Higher education
34 (39.50)
52 (60.50)
1.839 (1.143,2.959)
1.022 (0.531,1.966)
Mother’s work
 Currently not work
358 (51.50)
337 (48.50)
1.00
1.00
 Currently working
98 (43.60)
127 (56.40)
1.377 (1.017,1.863)
1.180 (0.837,1.664)
Age of a child(months)
 06–11
237 (70.10)
101 (29.90)
1.00
1.00
 12–17
125 (43.60)
162 (56.40)
3.041 (2.187,4.229)
3.025 (2.141,4.274)
 18–23
94 (31.90)
201 (68.10)
5.018 (3.579,7.035)
5.028 (3.524,7.175)
Birth Order of index child
 First
135 (52.10)
124 (47.90)
1.00
1.00
 Second to fourth
270 (48.80)
283 (51.20)
1.141 (0.849,1.533)
1.580 (1.133,2.205)
 Above fourth
51 (47.20)
57 (52.80)
1.217 (0.776,1.908)
1.778 (1.068,2.958)
Breast feeding status
 No
41 (41.00)
59 (59.00)
1.00
1.00
 Yes
415 (50.60)
405 (49.40)
0.671 (0.445,1034)
0.895 (0.550,1.454)
Decision making at household
 Mothers not involved
127 (61.70)
79 (38.30)
1.00
1.00
 Mothers involved
329 (46.10)
385 (53.90)
1.881 (1.370,2.583)
1.512 (1.053,2.170)
Media exposure
 Unsatisfactory
335 (59.10)
232 (40.90)
1
1.00
 Satisfactory
121 (34.30)
232 (65.70)
2.769 (2.100,3.65)
2.620 (1.901,3.611)
Residence
 Rural
240 (46.20)
280 (53.80)
1.00
1.00
 Urban
216 (54.00)
184 (46.00)
1.37 (1.054,1.779)
1.243 (0.849,1.821)
Home gardening
 No
418 (50.70)
407 (49.30)
1.00
1.00
 Yes
38 (40.00)
57 (60.00)
0.050 (1.000,2.374)
1.412 (0.878,2.273)
Place of birth
 Home
240 (46.20)
280 (53.80)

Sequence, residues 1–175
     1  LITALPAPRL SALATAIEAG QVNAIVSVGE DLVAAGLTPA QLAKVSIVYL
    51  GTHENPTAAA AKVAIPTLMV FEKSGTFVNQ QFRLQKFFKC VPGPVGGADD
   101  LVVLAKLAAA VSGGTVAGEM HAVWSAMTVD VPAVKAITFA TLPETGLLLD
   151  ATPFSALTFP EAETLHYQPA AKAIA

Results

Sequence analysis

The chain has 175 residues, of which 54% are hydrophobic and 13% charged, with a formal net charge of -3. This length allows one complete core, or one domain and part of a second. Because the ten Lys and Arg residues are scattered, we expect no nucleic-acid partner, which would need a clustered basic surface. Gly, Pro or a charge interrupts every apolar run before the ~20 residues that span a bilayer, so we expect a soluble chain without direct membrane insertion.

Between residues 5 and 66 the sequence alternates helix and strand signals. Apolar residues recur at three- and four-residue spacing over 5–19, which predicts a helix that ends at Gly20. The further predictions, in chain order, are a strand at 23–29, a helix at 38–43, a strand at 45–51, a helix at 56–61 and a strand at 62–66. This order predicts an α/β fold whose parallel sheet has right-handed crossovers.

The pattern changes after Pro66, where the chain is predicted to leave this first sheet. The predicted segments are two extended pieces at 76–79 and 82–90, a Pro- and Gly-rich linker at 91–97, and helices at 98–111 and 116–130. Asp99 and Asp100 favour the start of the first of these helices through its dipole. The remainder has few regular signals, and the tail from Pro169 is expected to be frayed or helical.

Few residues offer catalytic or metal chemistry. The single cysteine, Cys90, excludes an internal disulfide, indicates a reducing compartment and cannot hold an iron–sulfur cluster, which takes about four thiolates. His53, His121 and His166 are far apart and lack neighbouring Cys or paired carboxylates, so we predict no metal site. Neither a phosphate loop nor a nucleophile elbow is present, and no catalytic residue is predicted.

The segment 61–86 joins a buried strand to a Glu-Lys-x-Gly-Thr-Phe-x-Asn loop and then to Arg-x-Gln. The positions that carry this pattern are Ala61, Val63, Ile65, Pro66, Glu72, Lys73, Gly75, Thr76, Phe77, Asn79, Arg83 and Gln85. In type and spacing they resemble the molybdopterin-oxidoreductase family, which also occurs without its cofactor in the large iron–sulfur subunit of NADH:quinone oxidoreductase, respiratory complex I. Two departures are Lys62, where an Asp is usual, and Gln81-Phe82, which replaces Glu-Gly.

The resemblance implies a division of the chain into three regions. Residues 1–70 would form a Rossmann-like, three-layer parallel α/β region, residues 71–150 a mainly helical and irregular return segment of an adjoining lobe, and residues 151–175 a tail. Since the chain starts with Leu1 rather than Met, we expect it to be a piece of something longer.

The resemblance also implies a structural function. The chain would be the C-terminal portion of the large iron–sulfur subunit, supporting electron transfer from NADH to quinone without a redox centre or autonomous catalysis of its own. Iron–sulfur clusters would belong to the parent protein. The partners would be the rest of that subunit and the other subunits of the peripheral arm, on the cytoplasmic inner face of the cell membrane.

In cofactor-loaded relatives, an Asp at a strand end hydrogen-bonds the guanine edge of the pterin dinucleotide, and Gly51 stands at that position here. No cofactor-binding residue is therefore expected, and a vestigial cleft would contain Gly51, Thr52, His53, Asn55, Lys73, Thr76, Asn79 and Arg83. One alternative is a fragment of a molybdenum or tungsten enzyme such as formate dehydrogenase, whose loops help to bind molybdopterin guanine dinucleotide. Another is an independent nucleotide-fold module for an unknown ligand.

1.00
1.00
 Institution
216 (54.00)
184 (46.00)
1.277 (0.946,1.723)
1.045 (0.689,1.583)
Time of post natal care visit
 Missing
158 (53.60)
137 (46.40)
1.00
1.00
 Within 1–2 days
22 (27.20)
59 (72.80)
3.093 (1.802, 5.310)
2.295 (1.269, 4.150)
 Within 3–6 days
78 (48.40)
83 (51.60)
1.227 (0.835,1.803)
0.860 (0.553,1.337)
 After 7 days
198 (51.70)
185 (48.30)
1.078 (0.795,1.461)
0.848 (0.598,1.189)
AOR Adjusted Odd Ratio, COR Crude Odd Ratio, CI Confidence Interval
The study showed that children with age group of 12–17 months [AOR 3.03; 95 % CI (2.14,4.27)] and 18–23 months [AOR 5.03; 95 % CI (3.52,7.18)] had higher odds of recieving the minimum frequency in their daily meal compared to children age group between 6-11months. This study also supported by studies conducted in Ethiopia, India, and Seri Lanka [ 9, 11, 12]. This might be occurred due to the fact that for the infants during 6–11 months, mothers did not introduce semi solid and soft food; they are simply fed on animal or canned milk along with breast milk. Unfortunately, however, the definition of minimum meal frequency, did not not consider breast milk while calculating minimum meal frequency for breast feed infants.